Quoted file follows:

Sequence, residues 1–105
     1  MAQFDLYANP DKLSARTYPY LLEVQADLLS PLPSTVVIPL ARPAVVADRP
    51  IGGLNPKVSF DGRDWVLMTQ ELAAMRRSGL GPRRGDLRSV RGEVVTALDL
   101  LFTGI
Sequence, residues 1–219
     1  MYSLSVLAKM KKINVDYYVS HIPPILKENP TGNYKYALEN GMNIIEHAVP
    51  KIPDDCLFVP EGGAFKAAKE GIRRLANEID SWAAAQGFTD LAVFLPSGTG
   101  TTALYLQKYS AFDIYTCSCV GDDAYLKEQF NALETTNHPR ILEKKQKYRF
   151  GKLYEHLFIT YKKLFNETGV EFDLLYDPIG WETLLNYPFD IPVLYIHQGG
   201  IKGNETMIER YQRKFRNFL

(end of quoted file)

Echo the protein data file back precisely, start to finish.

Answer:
Sequence, residues 1–105
     1  MAQFDLYANP DKLSARTYPY LLEVQADLLS PLPSTVVIPL ARPAVVADRP
    51  IGGLNPKVSF DGRDWVLMTQ ELAAMRRSGL GPRRGDLRSV RGEVVTALDL
   101  LFTGI
Sequence, residues 1–219
     1  MYSLSVLAKM KKINVDYYVS HIPPILKENP TGNYKYALEN GMNIIEHAVP
    51  KIPDDCLFVP EGGAFKAAKE GIRRLANEID SWAAAQGFTD LAVFLPSGTG
   101  TTALYLQKYS AFDIYTCSCV GDDAYLKEQF NALETTNHPR ILEKKQKYRF
   151  GKLYEHLFIT YKKLFNETGV EFDLLYDPIG WETLLNYPFD IPVLYIHQGG
   201  IKGNETMIER YQRKFRNFL